I think too many people put too much effort into being an MP. I've seen a lot of people sink thousands and thousands of pounds into the possibility of a parliamentary career and risk their family life in the process. I admire the many MPs who serve their constituents but it's a costly pursuit and there are very, very few influential MPs. I hope those prospective MPs who are not included on the party's new A-list realise that there are big, alternative ways of upholding conservatism - outside of Parliament and within the conservative movement that is beginning to emerge and which Britain desperately needs.
Simon C: "Who are your political heroes?"
- I admire William Wilberforce for the perseverance he showed in eventually abolishing slavery
- Winston Churchill for his WWII leadership
- Margaret Thatcher for restoring Britain's economy and pride
- Ronald Reagan for his optimism and plain-speaking about the Evil Empire
- Rudolph Giuliani for zero tolerance policing
- Iain Duncan Smith and George W Bush for putting social justice on to the conservative agenda.
Is that too many?!
Donal Blaney: "What are the most important lessons for the Conservative Party to learn from the successes of the Republican Party in the United States and the Liberals in Australia?"
Have confidence in conservatism. In George W Bush, John Howard and now Stephen Harper in Canada, voters are electing people who are promising authentic conservatism on tax and national security and the environment.
Anonymous: "You have always been a strong proponent of marriage and family values, yet from what I know you're not married. Why is this?"
I haven't met the right person, Anon. I hope I will get married one day but I'd have to cut the anti-social hours I devote to ConservativeHome!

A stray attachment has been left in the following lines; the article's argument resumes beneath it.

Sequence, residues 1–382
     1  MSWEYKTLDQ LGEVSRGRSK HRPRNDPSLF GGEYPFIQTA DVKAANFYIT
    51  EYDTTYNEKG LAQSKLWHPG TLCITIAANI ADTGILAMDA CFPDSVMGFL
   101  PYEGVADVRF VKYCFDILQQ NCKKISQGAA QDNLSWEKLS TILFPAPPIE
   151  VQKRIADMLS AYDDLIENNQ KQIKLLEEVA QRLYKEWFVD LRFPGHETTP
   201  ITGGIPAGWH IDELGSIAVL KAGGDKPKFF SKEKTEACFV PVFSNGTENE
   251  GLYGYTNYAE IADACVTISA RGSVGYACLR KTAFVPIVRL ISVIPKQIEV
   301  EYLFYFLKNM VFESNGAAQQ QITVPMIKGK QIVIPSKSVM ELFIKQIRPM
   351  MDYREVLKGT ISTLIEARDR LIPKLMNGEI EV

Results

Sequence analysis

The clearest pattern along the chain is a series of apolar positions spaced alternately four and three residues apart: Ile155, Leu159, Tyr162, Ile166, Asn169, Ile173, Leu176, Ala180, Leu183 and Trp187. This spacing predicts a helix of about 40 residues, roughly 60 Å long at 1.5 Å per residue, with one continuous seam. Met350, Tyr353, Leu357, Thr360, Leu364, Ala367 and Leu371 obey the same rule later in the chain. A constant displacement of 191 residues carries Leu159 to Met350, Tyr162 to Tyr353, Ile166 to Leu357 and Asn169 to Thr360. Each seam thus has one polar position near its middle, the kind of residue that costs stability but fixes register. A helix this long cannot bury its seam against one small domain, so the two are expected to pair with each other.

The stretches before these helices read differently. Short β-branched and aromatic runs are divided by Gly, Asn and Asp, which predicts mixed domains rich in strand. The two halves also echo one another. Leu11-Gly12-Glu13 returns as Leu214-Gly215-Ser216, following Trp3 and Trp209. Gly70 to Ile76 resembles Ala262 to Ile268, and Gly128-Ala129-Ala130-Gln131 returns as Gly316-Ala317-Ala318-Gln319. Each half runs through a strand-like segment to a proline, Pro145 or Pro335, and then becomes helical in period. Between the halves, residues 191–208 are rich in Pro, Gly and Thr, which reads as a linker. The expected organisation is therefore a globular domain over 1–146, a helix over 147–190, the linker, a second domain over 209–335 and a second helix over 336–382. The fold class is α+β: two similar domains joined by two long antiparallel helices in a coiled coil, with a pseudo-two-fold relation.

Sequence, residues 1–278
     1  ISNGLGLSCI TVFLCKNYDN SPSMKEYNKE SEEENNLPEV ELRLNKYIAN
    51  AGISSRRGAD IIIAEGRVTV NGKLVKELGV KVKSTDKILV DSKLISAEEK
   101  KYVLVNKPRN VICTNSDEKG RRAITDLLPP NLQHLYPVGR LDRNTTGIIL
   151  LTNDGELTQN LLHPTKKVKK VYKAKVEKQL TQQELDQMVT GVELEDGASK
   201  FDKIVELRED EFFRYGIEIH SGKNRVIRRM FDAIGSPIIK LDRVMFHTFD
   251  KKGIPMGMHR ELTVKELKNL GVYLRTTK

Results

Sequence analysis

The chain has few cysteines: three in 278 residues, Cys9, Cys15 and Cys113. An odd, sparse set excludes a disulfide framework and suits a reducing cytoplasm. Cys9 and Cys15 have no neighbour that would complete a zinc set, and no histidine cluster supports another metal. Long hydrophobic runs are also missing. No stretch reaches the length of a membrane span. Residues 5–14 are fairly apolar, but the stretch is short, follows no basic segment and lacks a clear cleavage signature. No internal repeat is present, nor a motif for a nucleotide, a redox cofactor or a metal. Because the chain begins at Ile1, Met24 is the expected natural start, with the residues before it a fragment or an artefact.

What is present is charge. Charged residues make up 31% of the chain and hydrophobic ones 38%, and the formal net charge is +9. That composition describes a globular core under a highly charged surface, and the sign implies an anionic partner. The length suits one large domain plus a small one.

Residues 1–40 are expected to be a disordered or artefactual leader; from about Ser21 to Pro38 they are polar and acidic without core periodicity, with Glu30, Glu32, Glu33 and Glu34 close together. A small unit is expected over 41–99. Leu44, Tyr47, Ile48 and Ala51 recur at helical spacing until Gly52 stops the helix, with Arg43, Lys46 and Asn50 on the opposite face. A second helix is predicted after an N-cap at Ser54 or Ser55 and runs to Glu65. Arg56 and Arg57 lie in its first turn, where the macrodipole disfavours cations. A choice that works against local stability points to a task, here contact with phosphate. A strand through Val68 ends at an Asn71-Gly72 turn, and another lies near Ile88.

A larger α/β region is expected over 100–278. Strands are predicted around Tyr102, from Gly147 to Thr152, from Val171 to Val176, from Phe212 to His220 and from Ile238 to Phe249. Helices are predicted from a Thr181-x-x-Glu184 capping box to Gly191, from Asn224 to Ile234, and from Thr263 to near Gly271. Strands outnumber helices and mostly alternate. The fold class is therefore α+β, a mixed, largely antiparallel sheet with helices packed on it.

Anonymous: "I believe during the William Hague days, you were a very vocal evangelical Christian. There is no indication of your religious persuations or beliefs on this website. Have you changed your mind about anything you held to to be true say 6 or 7 years ago?"
ConservativeHome has its editorial line, Anon, on issues like the importance of the family and the protection of all human life but I want ConservativeHome to be open to all members of the conservative coalition and this site is not about constantly parading my Christianity. Nonetheless, in the shields logo at the top of this page there is a shield representing the role that people of faith play in the broad conservative coalition and it just happens to be the central one! At Christmas and Easter Sam and I chose Christian stories to top the newslinks. On Easter Day I wrote this on 'Perfect freedom'. But you're not wrong to sense that my beliefs aren't exactly where they were six or seven years ago. I do, for example, support Civil Partnerships for gay couples. I've been persuaded by the likes of Andrew Sullivan. I now wish the political establishment could move on from issues of gay rights and focus on rebuilding the traditional family - the breadown of which is the engine behind much of today's poverty, crime and loneliness. I hope this answers your question.